People probably suspect that lack of data is the worst frustration for scientists. In fact, having only one data source can be worse, since you do not know how typical this solitary example can be. But the worst situation is having two sources of data that do not completely agree, leaving you with the challenge of trying to determine what causes the differences.
This is where scientists working with NASA's Voyager probe data find after Voyager 2 reached interstellar space last year, making it the second spacecraft we built and made it there. Now, in a series of five reports, researchers have tried to compare or contrast the data from the two Voyagers and are trying to make sense of the contradictions, knowing that we have nothing built that will receive new data from that distance anytime soon.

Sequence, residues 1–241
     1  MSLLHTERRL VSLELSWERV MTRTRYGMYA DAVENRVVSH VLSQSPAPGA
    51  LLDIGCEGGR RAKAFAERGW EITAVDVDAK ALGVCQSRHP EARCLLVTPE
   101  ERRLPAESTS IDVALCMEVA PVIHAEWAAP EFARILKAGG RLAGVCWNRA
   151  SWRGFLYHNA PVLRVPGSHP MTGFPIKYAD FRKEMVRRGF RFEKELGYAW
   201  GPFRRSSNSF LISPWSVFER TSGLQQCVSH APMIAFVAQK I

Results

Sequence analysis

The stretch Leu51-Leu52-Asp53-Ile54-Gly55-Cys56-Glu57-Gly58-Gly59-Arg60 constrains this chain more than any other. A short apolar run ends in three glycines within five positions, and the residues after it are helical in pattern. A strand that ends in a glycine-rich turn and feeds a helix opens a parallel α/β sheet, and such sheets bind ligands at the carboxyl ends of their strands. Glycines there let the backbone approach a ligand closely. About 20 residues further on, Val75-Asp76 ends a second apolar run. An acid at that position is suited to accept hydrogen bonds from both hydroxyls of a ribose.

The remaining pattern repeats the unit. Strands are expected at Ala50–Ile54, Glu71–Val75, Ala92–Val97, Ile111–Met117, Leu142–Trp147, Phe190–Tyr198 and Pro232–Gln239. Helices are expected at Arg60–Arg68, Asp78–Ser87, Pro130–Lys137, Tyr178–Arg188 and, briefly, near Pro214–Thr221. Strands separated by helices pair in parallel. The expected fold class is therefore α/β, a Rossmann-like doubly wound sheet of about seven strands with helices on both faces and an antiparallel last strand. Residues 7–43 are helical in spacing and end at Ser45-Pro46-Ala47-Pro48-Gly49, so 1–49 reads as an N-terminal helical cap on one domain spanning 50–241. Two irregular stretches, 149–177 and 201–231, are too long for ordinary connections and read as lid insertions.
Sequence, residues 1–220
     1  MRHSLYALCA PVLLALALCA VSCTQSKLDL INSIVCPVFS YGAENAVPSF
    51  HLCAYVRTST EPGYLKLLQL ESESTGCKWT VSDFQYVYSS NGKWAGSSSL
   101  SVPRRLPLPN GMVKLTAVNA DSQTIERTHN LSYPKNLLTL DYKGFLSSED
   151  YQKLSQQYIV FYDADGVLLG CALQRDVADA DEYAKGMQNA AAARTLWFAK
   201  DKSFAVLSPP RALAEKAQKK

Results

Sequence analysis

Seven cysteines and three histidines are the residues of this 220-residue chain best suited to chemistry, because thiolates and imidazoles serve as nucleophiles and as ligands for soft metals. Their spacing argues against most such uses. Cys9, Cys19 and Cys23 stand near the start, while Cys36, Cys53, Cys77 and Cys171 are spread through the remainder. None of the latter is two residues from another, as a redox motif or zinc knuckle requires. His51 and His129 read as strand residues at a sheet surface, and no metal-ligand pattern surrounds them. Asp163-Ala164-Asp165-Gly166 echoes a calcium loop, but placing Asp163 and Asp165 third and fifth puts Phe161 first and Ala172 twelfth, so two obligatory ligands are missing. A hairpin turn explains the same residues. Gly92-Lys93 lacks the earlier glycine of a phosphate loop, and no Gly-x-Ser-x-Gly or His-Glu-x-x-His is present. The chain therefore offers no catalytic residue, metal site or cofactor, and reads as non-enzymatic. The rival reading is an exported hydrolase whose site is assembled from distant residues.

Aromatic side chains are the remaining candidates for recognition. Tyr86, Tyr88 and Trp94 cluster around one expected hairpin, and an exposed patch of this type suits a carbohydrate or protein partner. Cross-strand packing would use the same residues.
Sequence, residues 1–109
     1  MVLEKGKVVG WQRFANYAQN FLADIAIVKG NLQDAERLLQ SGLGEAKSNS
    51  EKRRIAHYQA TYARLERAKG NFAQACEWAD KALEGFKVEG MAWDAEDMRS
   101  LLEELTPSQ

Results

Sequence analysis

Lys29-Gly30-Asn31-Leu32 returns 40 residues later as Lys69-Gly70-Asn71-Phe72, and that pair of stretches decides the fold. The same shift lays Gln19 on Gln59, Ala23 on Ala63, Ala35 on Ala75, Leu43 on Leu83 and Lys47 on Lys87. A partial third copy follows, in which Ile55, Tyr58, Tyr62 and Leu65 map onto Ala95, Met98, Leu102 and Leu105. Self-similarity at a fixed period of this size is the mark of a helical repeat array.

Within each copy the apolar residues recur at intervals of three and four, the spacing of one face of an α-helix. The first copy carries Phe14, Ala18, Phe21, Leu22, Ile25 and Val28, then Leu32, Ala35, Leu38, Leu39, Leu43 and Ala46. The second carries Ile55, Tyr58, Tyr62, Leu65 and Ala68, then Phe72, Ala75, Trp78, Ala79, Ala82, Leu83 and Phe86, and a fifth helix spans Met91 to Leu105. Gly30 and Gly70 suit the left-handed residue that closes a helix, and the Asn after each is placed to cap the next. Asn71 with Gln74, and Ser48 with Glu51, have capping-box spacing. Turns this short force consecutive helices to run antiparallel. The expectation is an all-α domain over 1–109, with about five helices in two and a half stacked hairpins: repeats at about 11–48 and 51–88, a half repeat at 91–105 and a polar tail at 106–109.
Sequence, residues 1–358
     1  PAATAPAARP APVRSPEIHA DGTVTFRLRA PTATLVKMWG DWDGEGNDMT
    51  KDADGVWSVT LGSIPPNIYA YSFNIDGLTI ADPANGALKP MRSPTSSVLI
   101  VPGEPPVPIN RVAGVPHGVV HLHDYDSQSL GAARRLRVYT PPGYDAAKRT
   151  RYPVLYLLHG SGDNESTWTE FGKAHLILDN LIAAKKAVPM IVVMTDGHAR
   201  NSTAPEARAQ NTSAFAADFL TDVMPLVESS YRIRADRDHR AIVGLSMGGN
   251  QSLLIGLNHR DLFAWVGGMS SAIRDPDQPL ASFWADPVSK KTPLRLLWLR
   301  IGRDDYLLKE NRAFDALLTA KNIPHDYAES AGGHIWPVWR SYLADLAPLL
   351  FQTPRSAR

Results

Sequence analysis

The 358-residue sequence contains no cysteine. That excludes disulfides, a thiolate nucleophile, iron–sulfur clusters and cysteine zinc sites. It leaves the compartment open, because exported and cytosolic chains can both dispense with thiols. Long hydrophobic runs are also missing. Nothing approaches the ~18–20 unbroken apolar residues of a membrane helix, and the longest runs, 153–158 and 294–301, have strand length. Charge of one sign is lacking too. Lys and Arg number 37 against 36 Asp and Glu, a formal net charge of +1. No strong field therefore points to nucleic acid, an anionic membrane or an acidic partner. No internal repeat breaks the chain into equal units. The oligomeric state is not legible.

At the end of the Solar System
The gravitational influence of the Sun extends to the edge of the Oort Cloud, three light-years from the Sun. But the Sun affects its environment in ways that go beyond ordinary gravity. It generates a huge magnetic field that extends far beyond the planets and emits a stream of charged particles that flow into the interstellar space. These effects are limited by the influence of our galaxy, which has its own magnetic field and an interstellar medium filled with its own charged particles.
At one point, distant from the Sun, these two influences collide: the influence of the Sun weakens, i.e. and the galaxy is taking over. There were a number of theoretical ideas about how this transition was made. But testing these ideas is obviously a real challenge, given that it requires sending hardware to the edge of the solar system.